Col. Donald R. Tindall knows about moving. In his 27-year military career, he has relocated 21 times--once during a Korean monsoon--and plans yet another move next month, his third in two years.

Tindall also is in charge of one of the world's busiest moving operations, the Defense Department's Joint Personal Property Shipping Office of the Washington Area (known in military-speak as JPPSOWA, pronounced jip-SO-wa). The Fort Belvoir office handles all moves for the military and Coast Guard in a 38,000-square-mile area stretching from north of Baltimore down to Richmond. Last year, that meant overseeing more than 54,000 shipments.

This summer, though, there's an added complication. Because unemployment is so low, the private-sector movers that pack and ship possessions on contract with the military are having a tough time finding enough help.

This means the unit has been "experiencing major problems in getting shipments picked up and delivered in a timely manner," according to a taped message that greets callers to the office. "The result of these actions has placed a tremendous strain on the JPPSOWA staff."

So Tindall has something he wants his customers and other would-be movers to hear: "Please have patience with everyone involved in the process, because there is a strain on the system that we have not seen in previous years. To make these moves happen, we need patience from customers, and flexibility."

Moving is never a good experience, he admits. "Moving is always stressful. I don't care if everything is going perfectly, it's stressful."

Still, Tindall and others at Fort Belvoir have some advice to make the experience less trying, whether you're military or civilian.

* Don't procrastinate. For military families, that means contacting the appropriate counseling office as soon as you get your orders. For others, that means contacting a mover as far in advance as possible.

* Be flexible about your moving date. "Set up enough time to give yourself some leeway," said Mike Milward, Tindall's deputy. For instance, if you're selling your house and everything has to be cleared out in time for closing on the 31st of the month, don't schedule your move for the 30th.

"If anything goes wrong, which we've had this summer, that causes problems on the real estate side," Milward said. Those can be expensive problems--one family that found itself in that situation had to drop the sale price on their house $7,000 to avoid losing their buyer, he said.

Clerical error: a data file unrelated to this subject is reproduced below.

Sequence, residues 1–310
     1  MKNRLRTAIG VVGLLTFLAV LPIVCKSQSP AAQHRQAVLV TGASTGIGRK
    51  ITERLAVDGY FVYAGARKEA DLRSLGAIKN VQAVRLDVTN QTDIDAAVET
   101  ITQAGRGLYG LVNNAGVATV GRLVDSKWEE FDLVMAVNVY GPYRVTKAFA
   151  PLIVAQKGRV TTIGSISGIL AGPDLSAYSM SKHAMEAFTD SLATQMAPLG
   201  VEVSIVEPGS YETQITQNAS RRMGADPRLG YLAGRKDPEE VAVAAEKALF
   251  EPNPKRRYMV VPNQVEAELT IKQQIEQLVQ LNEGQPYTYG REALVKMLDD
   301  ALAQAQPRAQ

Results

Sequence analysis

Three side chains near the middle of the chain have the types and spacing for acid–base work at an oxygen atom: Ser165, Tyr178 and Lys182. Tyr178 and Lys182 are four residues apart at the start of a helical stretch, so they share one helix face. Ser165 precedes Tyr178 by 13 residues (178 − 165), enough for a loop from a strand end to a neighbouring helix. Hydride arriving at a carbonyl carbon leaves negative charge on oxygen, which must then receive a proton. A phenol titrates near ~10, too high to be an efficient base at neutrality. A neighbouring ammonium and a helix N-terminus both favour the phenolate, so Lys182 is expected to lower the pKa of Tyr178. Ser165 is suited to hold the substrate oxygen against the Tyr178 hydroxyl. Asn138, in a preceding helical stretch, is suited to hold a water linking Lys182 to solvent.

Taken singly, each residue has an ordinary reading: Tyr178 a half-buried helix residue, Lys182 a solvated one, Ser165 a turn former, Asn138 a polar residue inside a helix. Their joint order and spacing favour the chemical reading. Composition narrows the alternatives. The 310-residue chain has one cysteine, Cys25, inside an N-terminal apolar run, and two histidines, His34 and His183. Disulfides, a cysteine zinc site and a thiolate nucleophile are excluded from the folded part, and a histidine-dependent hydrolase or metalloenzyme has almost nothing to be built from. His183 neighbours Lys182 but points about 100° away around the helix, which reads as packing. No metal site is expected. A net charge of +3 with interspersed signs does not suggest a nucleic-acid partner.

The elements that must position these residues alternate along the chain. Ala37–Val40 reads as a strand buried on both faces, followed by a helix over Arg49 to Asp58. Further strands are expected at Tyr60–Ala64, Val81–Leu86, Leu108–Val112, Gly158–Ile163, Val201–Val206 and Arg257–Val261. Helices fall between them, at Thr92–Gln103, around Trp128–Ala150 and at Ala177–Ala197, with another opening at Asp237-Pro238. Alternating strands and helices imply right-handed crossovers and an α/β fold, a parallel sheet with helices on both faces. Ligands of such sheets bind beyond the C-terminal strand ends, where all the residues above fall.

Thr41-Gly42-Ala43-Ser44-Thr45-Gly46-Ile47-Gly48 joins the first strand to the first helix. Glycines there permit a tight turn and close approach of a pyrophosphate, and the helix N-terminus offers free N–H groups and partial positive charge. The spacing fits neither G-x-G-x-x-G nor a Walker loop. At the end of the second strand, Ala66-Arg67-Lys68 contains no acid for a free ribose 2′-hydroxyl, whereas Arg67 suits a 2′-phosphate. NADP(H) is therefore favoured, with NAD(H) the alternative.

* Think about your schedule, even though the days before a move are hectic. "If the movers are scheduled, don't schedule a dental appointment that afternoon--or any appointments," Tindall said. Wait until after the move to have utilities turned off--on moving day, you'll want electricity and a working telephone.

* Be ready for the movers. In military moves, as in many corporate moves, the employer pays for packing. But telling the movers just to pack everything can be a disaster. That's how passports and traveler's checks end up on the moving truck. Instead, designate a lockable closet or a separate room for items that need to go along with you, such as luggage, passports and purses. Also, keep the children and pets out of the way of the movers. "We've had cats that ended up being moved in vans," Milward said.

* Communicate. Take the crew chief on a tour of the house when he gets there, Tindall said. Show him all the rooms and point out any items that need special handling. Point out areas that need to be covered, such as marble floors. "None of these guys want to go out and intentionally damage your property, because they're the ones that have to pay for it," Tindall said.

* Be nice to the movers. "Do you have an ice chest of soda and water so the guys can take a little break? I do," Tindall said. Show them where the bathroom is, and send out for food at lunch time.

"It's in your best interest," Tindall said. "You are about to turn over to these guys possessions you deem valuable."

A Moving Picture

According to the Census Bureau:

* Between March 1996 and March 1997 (the most recent numbers available), 42.1 million Americans, or 16 percent of the population, moved.

* Based on an average family size of 2.34 people, that means about 18 million households moved. Of those, 11.9 million moved within the same county, 3.4 million outside the county but in the same state, and 2.7 million out of state.

* Young adults move the most; 31.8 percent of people ages 20 to 29 moved that year, while only 4.7 percent of those 65 or older moved.

* Renters move more than homeowners. About a third of people living in rental units in March 1997 had moved during the previous year, while only 8.2 percent of homeowners had moved.